1942

February 3, 1942 - Vocal orchestration published

April 1942 - At the request of Carl Fischer ASCAP sent out a special release of “The Army Air Corps” song to its entire list of licensees.

1st edition publication, autographed by the composer to Mrs. Mildred Yount, the chairwoman of the AAC song committee.

 

Capt. Robert Crawford, composer of The Army Air Corps, discusses his song with Capt. Alf Heiberg, founding conductor of the official band of the Army Air Forces. Crawford, dubbed by Time magazine as “The Flying Baritone” performed his song with The Army Air Forces Band on several National Broadcasting Company (NBC) radio broadcast.

1943

Samuel Barber arranges The Army Air Corps song in a minor key and entitles it Funeral March. In all likelihood, this work may have been done in preparation for the State Funeral in honor of Franklin Delano Roosevelt, 32nd President of the United States. To date, no official records have been located to confirm this information.

Funeral March, Samuel Barber

Preeminent American composer Samuel Barber served in the U.S. Army Air Forces (USAAF) from 1942 to 1945

1947

The National Security Act of 1947 became law on July 26, 1947. Under the Department of the Air Force, the act established the United States Air Force, headed by the Chief of Staff, USAF. On Sept. 18, 1947, W. Stuart Symington became Secretary of the Air Force, and on Sept. 26, Gen. Carl A. Spaatz became the USAF's first Chief of Staff.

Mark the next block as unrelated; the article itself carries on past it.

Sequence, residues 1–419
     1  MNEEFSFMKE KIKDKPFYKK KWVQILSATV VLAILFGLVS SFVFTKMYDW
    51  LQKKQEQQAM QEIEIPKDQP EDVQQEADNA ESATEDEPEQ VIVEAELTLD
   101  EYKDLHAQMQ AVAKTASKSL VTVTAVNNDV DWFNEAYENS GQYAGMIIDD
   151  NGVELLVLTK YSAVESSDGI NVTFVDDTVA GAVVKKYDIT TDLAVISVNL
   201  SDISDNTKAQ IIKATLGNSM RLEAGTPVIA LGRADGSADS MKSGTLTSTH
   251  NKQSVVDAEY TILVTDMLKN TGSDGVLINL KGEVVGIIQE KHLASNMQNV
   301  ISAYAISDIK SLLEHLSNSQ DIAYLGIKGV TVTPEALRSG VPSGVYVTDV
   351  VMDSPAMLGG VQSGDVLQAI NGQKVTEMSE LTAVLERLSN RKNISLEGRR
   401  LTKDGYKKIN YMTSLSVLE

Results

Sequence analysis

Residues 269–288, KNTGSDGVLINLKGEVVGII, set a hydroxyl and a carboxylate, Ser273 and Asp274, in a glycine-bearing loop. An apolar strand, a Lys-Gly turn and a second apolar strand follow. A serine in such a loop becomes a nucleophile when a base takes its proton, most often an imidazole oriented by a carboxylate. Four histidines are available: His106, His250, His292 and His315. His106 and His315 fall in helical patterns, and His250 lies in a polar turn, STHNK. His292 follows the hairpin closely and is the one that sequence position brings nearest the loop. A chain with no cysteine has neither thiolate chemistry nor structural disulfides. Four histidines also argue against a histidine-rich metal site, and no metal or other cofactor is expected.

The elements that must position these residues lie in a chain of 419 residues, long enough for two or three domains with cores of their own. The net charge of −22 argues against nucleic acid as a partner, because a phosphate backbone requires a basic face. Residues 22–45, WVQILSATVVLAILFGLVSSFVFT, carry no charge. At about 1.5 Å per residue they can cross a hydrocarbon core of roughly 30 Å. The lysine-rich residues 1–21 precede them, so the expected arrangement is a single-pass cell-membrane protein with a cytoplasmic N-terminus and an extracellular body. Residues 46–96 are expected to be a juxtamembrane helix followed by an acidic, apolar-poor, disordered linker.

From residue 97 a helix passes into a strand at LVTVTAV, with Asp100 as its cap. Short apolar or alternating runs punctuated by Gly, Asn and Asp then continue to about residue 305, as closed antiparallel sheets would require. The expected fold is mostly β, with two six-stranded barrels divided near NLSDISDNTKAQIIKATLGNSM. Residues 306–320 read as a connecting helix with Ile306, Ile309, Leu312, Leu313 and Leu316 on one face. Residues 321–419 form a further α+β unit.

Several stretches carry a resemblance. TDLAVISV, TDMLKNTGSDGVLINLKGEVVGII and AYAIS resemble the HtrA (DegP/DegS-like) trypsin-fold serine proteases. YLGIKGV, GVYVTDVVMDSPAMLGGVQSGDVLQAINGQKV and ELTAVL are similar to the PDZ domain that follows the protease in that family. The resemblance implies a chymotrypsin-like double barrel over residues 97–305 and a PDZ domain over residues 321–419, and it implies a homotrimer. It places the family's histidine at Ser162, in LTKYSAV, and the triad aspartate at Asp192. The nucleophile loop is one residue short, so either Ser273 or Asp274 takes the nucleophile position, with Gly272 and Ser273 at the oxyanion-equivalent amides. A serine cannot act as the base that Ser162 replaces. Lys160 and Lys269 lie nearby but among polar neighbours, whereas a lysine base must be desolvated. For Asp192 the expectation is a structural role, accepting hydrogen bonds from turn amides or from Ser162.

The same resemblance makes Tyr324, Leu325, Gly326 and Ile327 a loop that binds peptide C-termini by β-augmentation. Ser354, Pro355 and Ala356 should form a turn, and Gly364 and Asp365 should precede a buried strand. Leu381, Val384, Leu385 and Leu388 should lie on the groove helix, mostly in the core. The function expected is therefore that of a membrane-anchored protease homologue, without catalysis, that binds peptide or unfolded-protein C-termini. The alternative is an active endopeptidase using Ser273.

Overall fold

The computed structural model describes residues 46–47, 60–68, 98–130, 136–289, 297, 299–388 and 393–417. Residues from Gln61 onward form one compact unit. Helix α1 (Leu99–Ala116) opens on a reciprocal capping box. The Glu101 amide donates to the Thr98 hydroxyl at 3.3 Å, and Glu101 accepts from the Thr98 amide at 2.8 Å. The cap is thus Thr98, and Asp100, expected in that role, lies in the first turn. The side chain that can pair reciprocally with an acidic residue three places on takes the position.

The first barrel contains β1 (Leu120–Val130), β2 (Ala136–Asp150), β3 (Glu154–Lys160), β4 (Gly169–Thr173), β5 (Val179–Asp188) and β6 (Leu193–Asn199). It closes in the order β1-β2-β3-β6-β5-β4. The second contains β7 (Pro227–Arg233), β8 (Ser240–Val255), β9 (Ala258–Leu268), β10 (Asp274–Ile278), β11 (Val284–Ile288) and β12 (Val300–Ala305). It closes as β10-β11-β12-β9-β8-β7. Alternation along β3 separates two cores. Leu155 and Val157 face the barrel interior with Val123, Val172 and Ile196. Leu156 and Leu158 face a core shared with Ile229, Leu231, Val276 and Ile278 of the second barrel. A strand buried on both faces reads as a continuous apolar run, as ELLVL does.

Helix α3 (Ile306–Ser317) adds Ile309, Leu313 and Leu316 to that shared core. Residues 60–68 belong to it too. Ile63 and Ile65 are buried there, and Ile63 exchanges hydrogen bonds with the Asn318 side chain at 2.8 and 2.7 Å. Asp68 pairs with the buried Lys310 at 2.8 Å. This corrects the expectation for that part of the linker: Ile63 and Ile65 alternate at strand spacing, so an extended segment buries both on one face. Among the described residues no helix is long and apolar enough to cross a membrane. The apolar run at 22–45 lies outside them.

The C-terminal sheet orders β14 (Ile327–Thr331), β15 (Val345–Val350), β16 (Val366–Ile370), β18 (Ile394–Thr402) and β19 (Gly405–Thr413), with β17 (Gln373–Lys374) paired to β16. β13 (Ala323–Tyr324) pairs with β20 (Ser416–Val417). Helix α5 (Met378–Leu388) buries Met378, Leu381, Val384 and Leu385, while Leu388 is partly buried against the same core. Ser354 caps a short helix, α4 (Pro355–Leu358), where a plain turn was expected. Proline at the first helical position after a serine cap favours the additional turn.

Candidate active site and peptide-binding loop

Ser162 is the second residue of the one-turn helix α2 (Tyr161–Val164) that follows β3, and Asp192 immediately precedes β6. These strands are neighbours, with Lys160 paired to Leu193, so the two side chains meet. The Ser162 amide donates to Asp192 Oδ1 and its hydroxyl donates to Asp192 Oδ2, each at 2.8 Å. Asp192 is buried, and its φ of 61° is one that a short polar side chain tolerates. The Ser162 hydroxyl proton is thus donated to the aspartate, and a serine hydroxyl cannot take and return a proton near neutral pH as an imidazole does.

1948

January 12, 1948 - Secretary of Air Force Symington requested the advisability of changing the present lyrics for the “Army Air Corps” song to reflect the Air Force’s status as a separate service.

1949

May 13, 1949 - Air Force Chief of Staff General Hoyt S. Vandenberg informed Major Robert Crawford (USAFR) that the Department of the Air Force had approved the new words, as revised and recommended by both Robert Crawford and Colonel George S. Howard. The sheet music with the new words would not be published until all existing supplies of The Army Air Corps was sold. The second edition, pictured here, is the 1951 printing, retitled to reflect new title The U.S Air Force.

1951

Carl Fischer, Inc., copyrighted the new lyrics with title changed to “The U.S. Air Force."

1961

Robert Crawford’s devotion to Alaska brought him to New York in 1960 for an extended stay to complete a musical honoring the 49th state on which he had already done a substantial work. Crawford passed away on March 12, 1961.

1965

February 27, 1965 - In recognition of Lt. Col. Robert Crawford’s contributions to our nation and our Air Force, the Air Force Scroll of Appreciation in his honor was presented posthumously to Mrs. Hester Crawford by Major General Marvin L. McNickle at a parade on the flight line at Homestead AFB.

“Few can leave such a heritage to airmen everywhere..."
-General Thomas Dresser White, the 4th Chief of Staff of the U.S. Air Force, Washington, D.C.

The first page of the original piano vocal manuscript to The U.S. Air Force was carried to the surface of the moon on July 30, 1971 aboard the Apollo 15 “Falcon” lunar module. The first and only all Air Force crew included AF Colonels David R. Scott, Alfred M. Worden, and James B. Irwin.

They arranged to take the sheet music with them as a tribute to Robert Crawford and the United States Air Force. When they returned, each one signed the bottom of the first page prior to returning it to The National Museum of the United States Air Force, Wright Patterson AFB, OH.